Going into Godzilla: King of the Monsters, I expected off-the-charts monster clashes and not a lot else. Instead of posters littered with human characters, we’ve got a spotlight on the sort of cast audiences have longed for since 2014’s relatively Kaiju-less Godzilla. Godzilla, Mothra, Rodan, King Ghidorah – and really, what else do you need?
For less than half the movie’s run time, my wish was fulfilled, either by witnessing the slow reveal of each monster or watching them engage in full-on combat. For the other more-than-half-ish, though, I was engaged in an internal battle of my own: how much does the good outweigh the bad?
The joy you get out of Godzilla: King of the Monsters may depend largely on how much goodwill it earns from you with the kaiju clashes. What’s the exchange rate for boring human drama to nostalgic monster fights? Is every 1 minute of Mothra worth 5 minutes of Kyle Chandler frantically yelling about his daughter? How about 10? The value of that kind of currency will vary from one person to the next, but the answer to these kinds of questions is a basic litmus test for whether this film really works.
Godzilla: King of the Monsters employs a sort of nesting doll approach to conflict. The largest in scale and easily the most engaging is the battle of the Kaiju, pitting Mothra and Godzilla against Rodan and Ghidorah. Move down a layer and you’ll find the least interesting, most convoluted plot: that of various government entities, including Monarch, a special unit researching the Titans (e.g. monsters), and even environmental terrorist organizations. Each has a different opinion and approach in how to best handle the potential threat from the Titans. This piece of the story somehow, almost impossibly involves both the most exposition and the least amount of clarity. It’s a major but mostly needless obstacle to telling this story, filled with boring McGuffin chasing at best and complete nonsense at worst.
In the final layer, we have the the drama surrounding a family torn apart by tragedy and, well, Godzilla. This is the part of the movie that could have worked in different circumstances. Kyle Chandler, Vera Farmiga, and Millie Bobby Brown do their best to make us care about this family, but the effort falls flat as it gets trapped in the underpinnings of that second layer of plot previously mentioned.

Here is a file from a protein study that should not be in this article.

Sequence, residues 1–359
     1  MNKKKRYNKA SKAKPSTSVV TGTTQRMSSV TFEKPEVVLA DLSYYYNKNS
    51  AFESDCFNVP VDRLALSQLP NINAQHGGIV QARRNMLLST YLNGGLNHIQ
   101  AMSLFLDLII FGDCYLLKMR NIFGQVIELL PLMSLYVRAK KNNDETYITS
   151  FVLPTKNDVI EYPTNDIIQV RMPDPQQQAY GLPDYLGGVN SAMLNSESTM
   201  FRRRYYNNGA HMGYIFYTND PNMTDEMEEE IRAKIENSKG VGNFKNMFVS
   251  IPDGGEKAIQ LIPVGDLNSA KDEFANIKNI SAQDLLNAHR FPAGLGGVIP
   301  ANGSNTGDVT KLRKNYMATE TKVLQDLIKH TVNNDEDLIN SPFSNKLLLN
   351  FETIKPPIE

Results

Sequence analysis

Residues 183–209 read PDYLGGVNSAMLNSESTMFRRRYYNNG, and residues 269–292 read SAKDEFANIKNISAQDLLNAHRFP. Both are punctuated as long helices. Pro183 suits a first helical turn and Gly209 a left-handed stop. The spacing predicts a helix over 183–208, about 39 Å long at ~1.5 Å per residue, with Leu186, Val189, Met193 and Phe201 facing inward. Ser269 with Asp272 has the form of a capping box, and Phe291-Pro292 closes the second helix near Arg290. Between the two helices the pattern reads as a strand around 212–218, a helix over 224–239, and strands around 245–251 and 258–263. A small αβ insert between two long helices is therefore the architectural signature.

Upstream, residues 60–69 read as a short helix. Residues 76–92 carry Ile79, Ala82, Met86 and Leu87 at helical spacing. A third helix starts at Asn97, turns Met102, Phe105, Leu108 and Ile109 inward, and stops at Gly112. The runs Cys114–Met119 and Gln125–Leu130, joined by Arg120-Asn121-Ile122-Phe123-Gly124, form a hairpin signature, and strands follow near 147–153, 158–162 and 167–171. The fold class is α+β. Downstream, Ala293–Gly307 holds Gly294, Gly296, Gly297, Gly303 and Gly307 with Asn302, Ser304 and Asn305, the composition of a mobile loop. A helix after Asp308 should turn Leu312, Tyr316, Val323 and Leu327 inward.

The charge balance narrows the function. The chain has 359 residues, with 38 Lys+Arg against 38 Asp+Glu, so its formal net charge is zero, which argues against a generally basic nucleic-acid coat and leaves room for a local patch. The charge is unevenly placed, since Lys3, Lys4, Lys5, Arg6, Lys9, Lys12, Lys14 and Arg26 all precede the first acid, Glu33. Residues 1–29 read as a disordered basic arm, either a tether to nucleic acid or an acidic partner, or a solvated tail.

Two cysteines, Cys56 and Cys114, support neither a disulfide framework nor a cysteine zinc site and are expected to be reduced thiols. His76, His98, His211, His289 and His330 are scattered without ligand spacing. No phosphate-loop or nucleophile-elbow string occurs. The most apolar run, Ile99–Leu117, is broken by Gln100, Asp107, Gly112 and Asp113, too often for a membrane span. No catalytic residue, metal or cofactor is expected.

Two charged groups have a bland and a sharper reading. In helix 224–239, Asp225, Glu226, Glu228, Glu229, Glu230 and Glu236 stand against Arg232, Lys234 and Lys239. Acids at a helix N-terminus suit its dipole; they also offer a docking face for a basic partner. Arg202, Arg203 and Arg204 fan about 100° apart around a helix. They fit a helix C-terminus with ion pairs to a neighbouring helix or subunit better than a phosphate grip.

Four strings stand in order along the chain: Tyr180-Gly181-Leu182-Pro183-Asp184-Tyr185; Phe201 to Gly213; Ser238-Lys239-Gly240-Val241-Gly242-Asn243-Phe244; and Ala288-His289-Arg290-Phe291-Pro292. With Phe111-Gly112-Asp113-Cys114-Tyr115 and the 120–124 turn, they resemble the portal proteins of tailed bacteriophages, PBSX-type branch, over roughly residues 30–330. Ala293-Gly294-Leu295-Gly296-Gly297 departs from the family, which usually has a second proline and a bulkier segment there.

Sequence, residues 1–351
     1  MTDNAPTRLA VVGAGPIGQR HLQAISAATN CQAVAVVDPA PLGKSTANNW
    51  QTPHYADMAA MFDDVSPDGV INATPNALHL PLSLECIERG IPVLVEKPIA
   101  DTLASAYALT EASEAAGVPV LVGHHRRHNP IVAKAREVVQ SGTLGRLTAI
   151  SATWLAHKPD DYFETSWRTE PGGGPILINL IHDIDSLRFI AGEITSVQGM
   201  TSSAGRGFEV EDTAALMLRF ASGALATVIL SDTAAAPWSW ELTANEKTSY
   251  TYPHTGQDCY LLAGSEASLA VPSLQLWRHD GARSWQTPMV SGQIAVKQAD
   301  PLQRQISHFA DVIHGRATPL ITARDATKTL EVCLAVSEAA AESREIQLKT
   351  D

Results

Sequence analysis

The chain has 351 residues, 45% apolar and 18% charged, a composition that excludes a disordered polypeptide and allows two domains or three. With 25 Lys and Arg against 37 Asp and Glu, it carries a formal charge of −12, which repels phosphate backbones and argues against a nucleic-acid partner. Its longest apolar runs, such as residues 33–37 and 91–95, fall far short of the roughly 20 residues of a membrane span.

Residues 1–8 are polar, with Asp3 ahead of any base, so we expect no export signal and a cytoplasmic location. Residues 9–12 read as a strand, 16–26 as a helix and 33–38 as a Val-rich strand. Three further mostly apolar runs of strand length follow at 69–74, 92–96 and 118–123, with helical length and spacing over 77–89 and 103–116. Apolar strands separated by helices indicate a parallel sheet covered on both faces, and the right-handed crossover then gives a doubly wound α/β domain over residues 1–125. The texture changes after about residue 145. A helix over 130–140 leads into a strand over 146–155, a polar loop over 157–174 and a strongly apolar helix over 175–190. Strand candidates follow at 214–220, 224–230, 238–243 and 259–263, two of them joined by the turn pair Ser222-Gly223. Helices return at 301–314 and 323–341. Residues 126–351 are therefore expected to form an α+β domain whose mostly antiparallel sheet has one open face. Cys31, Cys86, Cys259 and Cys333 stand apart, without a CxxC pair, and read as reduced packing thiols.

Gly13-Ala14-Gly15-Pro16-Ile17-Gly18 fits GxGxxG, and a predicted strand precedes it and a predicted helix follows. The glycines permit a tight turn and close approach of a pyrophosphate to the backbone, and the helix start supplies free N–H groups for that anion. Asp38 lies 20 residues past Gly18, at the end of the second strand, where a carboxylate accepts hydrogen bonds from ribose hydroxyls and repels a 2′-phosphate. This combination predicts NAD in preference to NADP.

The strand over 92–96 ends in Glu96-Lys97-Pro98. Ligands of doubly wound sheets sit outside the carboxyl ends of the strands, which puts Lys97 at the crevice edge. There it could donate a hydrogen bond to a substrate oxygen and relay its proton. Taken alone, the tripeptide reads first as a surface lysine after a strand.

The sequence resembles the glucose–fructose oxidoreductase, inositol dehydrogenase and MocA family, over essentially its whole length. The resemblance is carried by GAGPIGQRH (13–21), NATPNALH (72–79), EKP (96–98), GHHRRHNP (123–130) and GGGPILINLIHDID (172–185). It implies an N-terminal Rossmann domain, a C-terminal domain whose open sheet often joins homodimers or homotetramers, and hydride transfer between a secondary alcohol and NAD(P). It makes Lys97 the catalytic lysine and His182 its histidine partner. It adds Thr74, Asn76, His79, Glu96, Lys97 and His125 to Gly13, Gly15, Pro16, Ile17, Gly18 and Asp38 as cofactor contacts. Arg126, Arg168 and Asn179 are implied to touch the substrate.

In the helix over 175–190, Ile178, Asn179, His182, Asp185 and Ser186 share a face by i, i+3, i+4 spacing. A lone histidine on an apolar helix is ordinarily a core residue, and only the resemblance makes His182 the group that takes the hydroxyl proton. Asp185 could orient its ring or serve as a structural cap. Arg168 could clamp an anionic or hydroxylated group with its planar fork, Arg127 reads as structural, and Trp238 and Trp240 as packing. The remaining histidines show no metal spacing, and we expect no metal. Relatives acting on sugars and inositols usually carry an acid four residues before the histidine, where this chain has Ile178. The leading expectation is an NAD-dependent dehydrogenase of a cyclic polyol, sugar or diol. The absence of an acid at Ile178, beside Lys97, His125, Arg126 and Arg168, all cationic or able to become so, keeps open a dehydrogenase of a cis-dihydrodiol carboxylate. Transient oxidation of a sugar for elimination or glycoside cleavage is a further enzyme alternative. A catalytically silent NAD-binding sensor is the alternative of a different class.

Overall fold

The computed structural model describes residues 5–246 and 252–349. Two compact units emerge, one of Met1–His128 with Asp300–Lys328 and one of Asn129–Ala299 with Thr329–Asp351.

But, like I said, it’s not all bad. Because then you have the kaiju. In 2014’s Godzilla, the lack of appearance from the titular character was the main complaint I heard from people who were unsatisfied with the film. This is, fortunately, not a problem here. Monarch spends most of the film’s running time tracking and chasing Godzilla, and this time we even see enough of him to see glimmers of personality. Mothra is also well-served by this movie, getting moments in battle that are pronounced enough to almost make her feel more human than the film’s leads. On the other side, Ghidorah and Rodan are mostly served up as pure monster menace, with an even elaborate bit of Ghidorah’s back-story woven into the central plot. It’s clear that director Mike Dougherty is a fan of these creatures, and he does them justice.
I also thought the visual effects looked good here, though I could understand complaints that they’re a little murky: the film uses lots of Earth tones for the Titans and the biggest fight scene is portrayed in the dark and in the rain (not unlike Pacific Rim). But I thought those choices helped the film light up more drastically when special powers or brighter colors were used, and everything was still crisp and clear. Small snapshots within the film were artful enough that you could see how gorgeous each moment would look as a still. The music only adds to the nostalgia factor, and fans of the older movies will recognize some of the themes of Bear McCreary‘s score. I would add that if you’re interested in seeing this, I expect the big-screen experience would be vastly more rewarding than waiting to catch it at home.
Godzilla: King of the Monsters poses several questions about humanity and the burden we put on the Earth and our environment. Do we deserve to reign over this Earth if we will destroy it in the process? I’m not sure it was the intent, but I walked away from the film with a clear feeling: we really don’t need the humans after all. Just bring on the kaiju.
Entertainment writer and editor for The Beat.
Additional interests include food, travel, food, and travel.